Luke C Gandolfo

University of Melbourne, Melbourne, Victoria, Australia

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Publications (7)49.32 Total impact

  • Luke C Gandolfo · Melanie Bahlo · Terence P Speed
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    ABSTRACT: We present a method for estimating the age of a mutation based on the genetic length of ancestral haplotypes shared between individuals carrying the mutation. The method can be reliably applied to small samples, typical of situations involving rare mutations, and makes effective use of modern high-density SNP data, thus overcoming two of the limitations with existing methods. The method provides age estimates and confidence intervals without the use of asymptotic theory, and is applicable to genealogies where the data is independent or correlated. In the correlated case we estimate the correlation directly from the data, rather than relying on a model for the genealogy. To demonstrate the method's efficacy, we provide simulation results and compare it to other methods. The length data is obtained with a simple procedure, and an R script is available for performing the calculations.
    Genetics 05/2014; 197(4). DOI:10.1534/genetics.114.164616 · 4.87 Impact Factor
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    ABSTRACT: Leigh syndrome (LS) is a severe neurodegenerative disorder with characteristic bilateral lesions, typically in the brainstem and basal ganglia. It usually presents in infancy and is genetically heterogeneous, but most individuals with mitochondrial complex IV (or cytochrome c oxidase) deficiency have mutations in the biogenesis factor SURF1. We studied eight complex IV-deficient LS individuals from six families of Lebanese origin. They differed from individuals with SURF1 mutations in having seizures as a prominent feature. Complementation analysis suggested they had mutation(s) in the same gene but targeted massively parallel sequencing (MPS) of 1,034 genes encoding known mitochondrial proteins failed to identify a likely candidate. Linkage and haplotype analyses mapped the location of the gene to chromosome 19 and targeted MPS of the linkage region identified a homozygous c.3G>C (p.Met1?) mutation in C19orf79. Abolishing the initiation codon could potentially still allow initiation at a downstream methionine residue but we showed that this would not result in a functional protein. We confirmed that mutation of this gene was causative by lentiviral-mediated phenotypic correction. C19orf79 was recently renamed PET100 and predicted to encode a complex IV biogenesis factor. We showed that it is located in the mitochondrial inner membrane and forms a ∼300 kDa subcomplex with complex IV subunits. Previous proteomic analyses of mitochondria had overlooked PET100 because its small size was below the cutoff for annotating bona fide proteins. The mutation was estimated to have arisen at least 520 years ago, explaining how the families could have different religions and different geographic origins within Lebanon.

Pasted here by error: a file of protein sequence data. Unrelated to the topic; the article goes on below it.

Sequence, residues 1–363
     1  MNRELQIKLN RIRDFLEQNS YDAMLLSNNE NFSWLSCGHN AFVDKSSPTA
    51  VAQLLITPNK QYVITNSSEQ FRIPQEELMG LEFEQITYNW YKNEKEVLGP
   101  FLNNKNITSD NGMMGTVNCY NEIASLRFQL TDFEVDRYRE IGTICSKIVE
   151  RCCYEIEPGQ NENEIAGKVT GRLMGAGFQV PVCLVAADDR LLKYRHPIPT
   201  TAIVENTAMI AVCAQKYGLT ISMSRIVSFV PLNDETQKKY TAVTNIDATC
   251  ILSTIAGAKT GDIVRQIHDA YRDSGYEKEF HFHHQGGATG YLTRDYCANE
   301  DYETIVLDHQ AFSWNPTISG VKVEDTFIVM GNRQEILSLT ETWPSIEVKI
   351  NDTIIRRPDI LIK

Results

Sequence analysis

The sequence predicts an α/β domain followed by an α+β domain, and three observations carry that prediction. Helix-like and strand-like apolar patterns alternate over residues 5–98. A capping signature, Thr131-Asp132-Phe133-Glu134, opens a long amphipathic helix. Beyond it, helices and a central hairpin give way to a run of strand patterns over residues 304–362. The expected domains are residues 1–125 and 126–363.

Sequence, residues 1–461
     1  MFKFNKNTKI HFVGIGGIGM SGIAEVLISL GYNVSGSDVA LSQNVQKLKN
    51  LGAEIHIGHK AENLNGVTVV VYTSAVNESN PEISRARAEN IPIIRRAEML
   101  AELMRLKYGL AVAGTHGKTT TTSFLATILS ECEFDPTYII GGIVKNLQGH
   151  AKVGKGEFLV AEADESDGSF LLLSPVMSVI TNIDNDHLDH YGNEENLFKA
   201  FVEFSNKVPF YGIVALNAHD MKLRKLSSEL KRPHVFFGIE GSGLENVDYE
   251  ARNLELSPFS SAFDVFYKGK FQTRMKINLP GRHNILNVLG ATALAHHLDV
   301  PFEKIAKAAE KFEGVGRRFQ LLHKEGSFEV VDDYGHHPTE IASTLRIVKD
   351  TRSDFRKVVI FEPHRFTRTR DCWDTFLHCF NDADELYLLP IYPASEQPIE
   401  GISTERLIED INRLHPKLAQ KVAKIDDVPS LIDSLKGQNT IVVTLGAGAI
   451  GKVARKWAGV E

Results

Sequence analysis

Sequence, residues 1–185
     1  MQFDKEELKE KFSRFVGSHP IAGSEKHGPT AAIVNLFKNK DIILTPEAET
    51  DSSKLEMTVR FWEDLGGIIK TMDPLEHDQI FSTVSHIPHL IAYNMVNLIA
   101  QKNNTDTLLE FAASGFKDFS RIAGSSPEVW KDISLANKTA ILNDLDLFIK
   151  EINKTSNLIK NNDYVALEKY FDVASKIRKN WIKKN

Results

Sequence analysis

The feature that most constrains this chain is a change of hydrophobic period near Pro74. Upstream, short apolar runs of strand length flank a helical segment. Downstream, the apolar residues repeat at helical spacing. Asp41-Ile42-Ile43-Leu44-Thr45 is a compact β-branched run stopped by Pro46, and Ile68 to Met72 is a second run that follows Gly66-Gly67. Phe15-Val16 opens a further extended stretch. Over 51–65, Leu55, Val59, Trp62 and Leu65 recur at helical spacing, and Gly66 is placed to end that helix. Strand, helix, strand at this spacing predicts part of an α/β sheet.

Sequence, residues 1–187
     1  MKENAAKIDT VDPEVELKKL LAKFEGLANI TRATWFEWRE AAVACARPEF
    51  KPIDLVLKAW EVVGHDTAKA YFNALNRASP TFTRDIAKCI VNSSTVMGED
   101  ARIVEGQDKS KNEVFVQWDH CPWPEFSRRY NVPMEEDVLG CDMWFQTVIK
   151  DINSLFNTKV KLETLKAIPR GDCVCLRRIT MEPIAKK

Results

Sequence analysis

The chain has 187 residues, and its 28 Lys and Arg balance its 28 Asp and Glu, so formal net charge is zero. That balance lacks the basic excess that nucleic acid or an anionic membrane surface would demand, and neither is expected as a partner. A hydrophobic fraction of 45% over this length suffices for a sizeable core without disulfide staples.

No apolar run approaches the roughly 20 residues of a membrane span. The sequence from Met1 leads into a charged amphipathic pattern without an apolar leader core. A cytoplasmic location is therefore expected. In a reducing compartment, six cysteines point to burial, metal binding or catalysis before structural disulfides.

The American Journal of Human Genetics 01/2014; 94(2). DOI:10.1016/j.ajhg.2013.12.015 · 10.99 Impact Factor
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    ABSTRACT: We previously identified a homozygous mutation in the Golgi SNAP receptor complex 2 gene (GOSR2) in six patients with progressive myoclonus epilepsy. To define the syndrome better we analysed the clinical and electrophysiological phenotype in 12 patients with GOSR2 mutations, including six new unrelated subjects. Clinical presentation was remarkably similar with early onset ataxia (average 2 years of age), followed by myoclonic seizures at the average age of 6.5 years. Patients developed multiple seizure types, including generalized tonic clonic seizures, absence seizures and drop attacks. All patients developed scoliosis by adolescence, making this an important diagnostic clue. Additional skeletal deformities were present, including pes cavus in four patients and syndactyly in two patients. All patients had elevated serum creatine kinase levels (median 734 IU) in the context of normal muscle biopsies. Electroencephalography revealed pronounced generalized spike and wave discharges with a posterior predominance and photosensitivity in all patients, with focal EEG features seen in seven patients. The disease course showed a relentless decline; patients uniformly became wheelchair bound (mean age 13 years) and four had died during their third or early fourth decade. All 12 cases had the same variant (c.430G>T, G144W) and haplotype analyses confirmed a founder effect. The cases all came from countries bounding the North Sea, extending to the coastal region of Northern Norway. 'North Sea' progressive myoclonus epilepsy has a homogeneous clinical presentation and relentless disease course allowing ready identification from the other progressive myoclonus epilepsies.
    Brain 02/2013; 136(4). DOI:10.1093/brain/awt021 · 10.23 Impact Factor